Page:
Georgia Tech’s Ross Steelman finished tied for second at the NCAA golf championship on Monday in Scottsdale, Ariz.

Florida’s Fred Biondi shot a 3-under 67 and rallied from a five-shot deficit in the final round to earn Florida’s third individual men’s title.

Steelman had a three-shot lead after 15 holes, but closed with three straight bogeys to open the door for Biondi. Steelman shot 73 to finish at 6 under.

Biondi shot 2-under 35 on the front nine at Grayhawk Golf Club and was three back after a bogey on No. 12. The senior from Brazil birdied the par-4 14th and closed with four straight pars, two-putting from 50 feet on No. 18 to finish at 7 under.

Biondi joins Bob Murphy (1996) and Nick Gilliam (2001) as national champions at Florida.

Illinois’ Jackson Buchanan just missed a 20-foot birdie on No. 18 that would have tied him with Biondi. He shot 67 to tie Steelman at 6 under.

North Carolina earned the No. 1 seed in match play, and top-ranked Vanderbilt struggled, missing match play by nine shots.

Steelman was 6 over through his first six holes at Grayhawk a year ago and had three birdies in four rounds to finish 76th.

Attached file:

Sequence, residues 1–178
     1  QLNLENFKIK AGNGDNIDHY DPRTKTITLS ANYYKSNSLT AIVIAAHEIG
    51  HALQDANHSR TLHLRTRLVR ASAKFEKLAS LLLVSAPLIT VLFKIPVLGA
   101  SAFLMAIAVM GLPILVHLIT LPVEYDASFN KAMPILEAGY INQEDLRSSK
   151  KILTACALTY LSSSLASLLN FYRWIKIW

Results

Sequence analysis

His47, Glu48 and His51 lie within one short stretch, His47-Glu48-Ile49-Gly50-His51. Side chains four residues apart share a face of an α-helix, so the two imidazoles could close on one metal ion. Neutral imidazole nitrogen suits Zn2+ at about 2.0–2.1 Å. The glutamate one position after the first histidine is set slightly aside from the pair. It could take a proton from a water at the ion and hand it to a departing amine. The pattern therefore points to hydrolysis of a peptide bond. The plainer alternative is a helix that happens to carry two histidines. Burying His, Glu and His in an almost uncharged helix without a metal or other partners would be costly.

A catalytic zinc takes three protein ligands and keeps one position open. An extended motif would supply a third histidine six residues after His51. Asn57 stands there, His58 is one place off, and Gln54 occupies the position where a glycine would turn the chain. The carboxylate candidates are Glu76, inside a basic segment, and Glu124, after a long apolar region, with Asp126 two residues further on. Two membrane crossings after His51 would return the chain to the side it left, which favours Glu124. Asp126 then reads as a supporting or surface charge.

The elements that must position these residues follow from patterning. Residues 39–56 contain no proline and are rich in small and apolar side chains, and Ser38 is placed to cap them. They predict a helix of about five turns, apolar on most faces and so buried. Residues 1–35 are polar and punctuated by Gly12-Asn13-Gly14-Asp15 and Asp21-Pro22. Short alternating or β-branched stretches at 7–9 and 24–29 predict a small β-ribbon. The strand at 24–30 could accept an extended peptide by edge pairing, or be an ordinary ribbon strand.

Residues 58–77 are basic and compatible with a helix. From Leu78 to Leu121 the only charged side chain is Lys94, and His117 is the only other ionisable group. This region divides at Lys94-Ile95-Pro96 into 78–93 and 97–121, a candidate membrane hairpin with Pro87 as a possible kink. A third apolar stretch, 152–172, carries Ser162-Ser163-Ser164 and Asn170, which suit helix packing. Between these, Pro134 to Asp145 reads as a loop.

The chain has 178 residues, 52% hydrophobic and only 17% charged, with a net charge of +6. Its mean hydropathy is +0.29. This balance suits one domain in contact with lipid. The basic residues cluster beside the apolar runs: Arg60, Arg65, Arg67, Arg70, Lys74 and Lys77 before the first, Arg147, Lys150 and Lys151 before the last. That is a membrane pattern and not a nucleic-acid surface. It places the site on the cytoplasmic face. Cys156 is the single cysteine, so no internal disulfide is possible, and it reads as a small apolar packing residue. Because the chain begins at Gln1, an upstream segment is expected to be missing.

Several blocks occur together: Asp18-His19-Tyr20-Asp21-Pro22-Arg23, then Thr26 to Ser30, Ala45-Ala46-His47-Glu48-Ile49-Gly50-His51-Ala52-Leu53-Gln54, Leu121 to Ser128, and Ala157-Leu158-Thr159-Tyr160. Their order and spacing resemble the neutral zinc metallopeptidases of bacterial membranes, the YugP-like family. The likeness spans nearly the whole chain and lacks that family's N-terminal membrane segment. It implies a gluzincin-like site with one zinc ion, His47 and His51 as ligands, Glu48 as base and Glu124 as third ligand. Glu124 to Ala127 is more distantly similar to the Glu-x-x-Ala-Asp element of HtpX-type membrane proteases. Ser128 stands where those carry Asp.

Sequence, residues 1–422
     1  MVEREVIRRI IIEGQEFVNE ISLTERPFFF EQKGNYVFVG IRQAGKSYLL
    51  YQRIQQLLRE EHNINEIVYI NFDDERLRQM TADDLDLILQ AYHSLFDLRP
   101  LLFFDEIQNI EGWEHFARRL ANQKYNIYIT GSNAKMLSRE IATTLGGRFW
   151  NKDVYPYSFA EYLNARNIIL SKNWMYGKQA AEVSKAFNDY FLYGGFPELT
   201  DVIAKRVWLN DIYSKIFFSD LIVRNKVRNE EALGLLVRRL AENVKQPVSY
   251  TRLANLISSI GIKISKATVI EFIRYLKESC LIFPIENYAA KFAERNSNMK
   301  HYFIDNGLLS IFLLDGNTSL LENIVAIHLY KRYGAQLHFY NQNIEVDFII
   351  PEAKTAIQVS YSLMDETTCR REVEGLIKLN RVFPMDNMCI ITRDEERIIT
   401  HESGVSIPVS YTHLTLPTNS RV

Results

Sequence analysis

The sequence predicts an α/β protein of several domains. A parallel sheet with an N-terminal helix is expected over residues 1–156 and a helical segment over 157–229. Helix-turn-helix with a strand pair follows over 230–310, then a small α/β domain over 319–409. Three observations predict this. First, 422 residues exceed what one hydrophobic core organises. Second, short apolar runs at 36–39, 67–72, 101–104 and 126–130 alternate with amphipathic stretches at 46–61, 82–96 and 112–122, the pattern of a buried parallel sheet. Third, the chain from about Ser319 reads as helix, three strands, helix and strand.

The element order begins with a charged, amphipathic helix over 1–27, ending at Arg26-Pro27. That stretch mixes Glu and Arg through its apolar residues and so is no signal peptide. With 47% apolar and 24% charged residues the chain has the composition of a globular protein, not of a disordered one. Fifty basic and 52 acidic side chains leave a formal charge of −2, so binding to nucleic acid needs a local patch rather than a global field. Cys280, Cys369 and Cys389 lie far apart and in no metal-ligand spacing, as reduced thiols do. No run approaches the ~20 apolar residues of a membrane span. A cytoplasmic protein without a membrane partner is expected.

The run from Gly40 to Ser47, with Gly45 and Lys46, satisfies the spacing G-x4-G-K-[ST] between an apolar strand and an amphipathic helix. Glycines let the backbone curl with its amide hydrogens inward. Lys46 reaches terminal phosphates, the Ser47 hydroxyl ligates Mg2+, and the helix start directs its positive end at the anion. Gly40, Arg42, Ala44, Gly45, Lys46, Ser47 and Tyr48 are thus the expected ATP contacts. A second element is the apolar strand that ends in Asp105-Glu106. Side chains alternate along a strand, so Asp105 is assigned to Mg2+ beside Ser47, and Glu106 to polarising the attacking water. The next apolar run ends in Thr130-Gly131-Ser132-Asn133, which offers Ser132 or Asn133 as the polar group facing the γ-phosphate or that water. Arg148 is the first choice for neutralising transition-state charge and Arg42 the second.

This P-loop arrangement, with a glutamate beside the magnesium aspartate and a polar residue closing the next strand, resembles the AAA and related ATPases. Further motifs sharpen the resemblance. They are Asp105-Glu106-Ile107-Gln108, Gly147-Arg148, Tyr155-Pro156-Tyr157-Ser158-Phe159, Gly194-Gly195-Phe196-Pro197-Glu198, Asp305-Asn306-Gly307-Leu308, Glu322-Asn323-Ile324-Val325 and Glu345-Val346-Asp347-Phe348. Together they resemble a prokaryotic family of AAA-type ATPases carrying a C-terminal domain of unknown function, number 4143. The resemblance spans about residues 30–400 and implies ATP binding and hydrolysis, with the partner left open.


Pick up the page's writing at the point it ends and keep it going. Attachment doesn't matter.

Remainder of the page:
Knowing what to expect, Steelman conquered Grayhawk’s Raptor Course in the opening round this year, rolling in six birdies during a bogey-free 64 for the first-round lead. He went 68-69 the next two days, taking a four-shot lead into the final round.

Steelman saw his overnight lead cut in half with a double bogey on the par-4 sixth, but followed with birdies on Nos. 8 and 11 to take a three-shot lead at 9 under.

Credit: AP

Credit: AP

Steelman three-putted from the fringe on the par-3 16th and took another bogey on No. 17 when his tee shot stopped in a divot and he couldn’t get up and down from a greenside bunker.

That dropped him into a tie with Biondi at 7 under.

After a long wait on the 18th tee. Steelman crushed a drive on the converted par 5, but nearly pushed his second shot into the water right of the green. He left his chip shot about 10 feet short and missed the putt, falling one behind Biondi.

Biondi remained steady while Steelman faltered. He two-putted for par on Nos. 16 and 17, then hit a massive drive on the 520-yard par-4 18th. He watched his approach shot bounce hard to the left side of the green and made a 4-foot par putt for the title.